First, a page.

Thanks for subscribing to Media Trends. Tell friends to follow along by signing up here.
Situational Awareness: The Western world's Big Tech disillusionment grows...
Illustration: Aïda Amer/Axios
The world’s biggest tech companies are spending billions of dollars on projects to get more people around the world connected to the internet.
Why it matters: Tech companies historically have specialized in services (like social media or payments) that ride on top of internet connections, rather than building the networks themselves.
Driving the news: Facebook is in talks to develop an underwater data cable ring around Africa, the Wall Street Journal reports. The project aims to drive down internet costs so that Facebook can get more people using its services.
The internet space race is also heating up. Amazon said Wednesday that it will launch thousands of satellites into space to provide internet around the world via a new effort called Project Kuiper.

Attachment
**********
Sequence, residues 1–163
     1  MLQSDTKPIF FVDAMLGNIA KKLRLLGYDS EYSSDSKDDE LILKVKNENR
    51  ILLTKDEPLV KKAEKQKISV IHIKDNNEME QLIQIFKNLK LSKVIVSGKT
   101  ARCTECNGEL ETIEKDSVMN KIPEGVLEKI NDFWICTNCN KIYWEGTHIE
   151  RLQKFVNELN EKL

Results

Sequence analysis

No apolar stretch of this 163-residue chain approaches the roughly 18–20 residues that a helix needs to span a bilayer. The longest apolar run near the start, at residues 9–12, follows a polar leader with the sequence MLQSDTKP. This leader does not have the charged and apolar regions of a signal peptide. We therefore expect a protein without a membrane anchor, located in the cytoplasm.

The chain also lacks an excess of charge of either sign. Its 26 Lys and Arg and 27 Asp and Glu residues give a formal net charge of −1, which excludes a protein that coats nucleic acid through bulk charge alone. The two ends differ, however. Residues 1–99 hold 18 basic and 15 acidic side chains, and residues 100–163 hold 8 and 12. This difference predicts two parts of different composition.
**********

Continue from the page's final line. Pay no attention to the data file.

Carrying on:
The big picture: Telecom providers have traditionally managed internet expansion and footed the bill for the huge costs of digging fiber trenches and installing wireless infrastructure.
Between the lines: Tech companies are pushing into the broadband space as many internet service providers (like Verizon, AT&T and Comcast) are buying up media properties to own more of the content that flows through those pipes.
The bottom line: The war for consumers' attention is intensely cutthroat, but the competition to get more people connected to the internet is just as fierce.
Go deeper: Read the full piece from Axios' Kim Hart and me.
Screenshot from The Athletic twitter feed
The Athletic, a subscription-based digital sports media company, is launching a multimillion dollar podcasting business.
What's new: Over 20 exclusive, ad-free podcasts will debut behind the company's subscription paywall on its app and website on Tuesday. The podcasts will be produced in-house by a team of 12 new hires.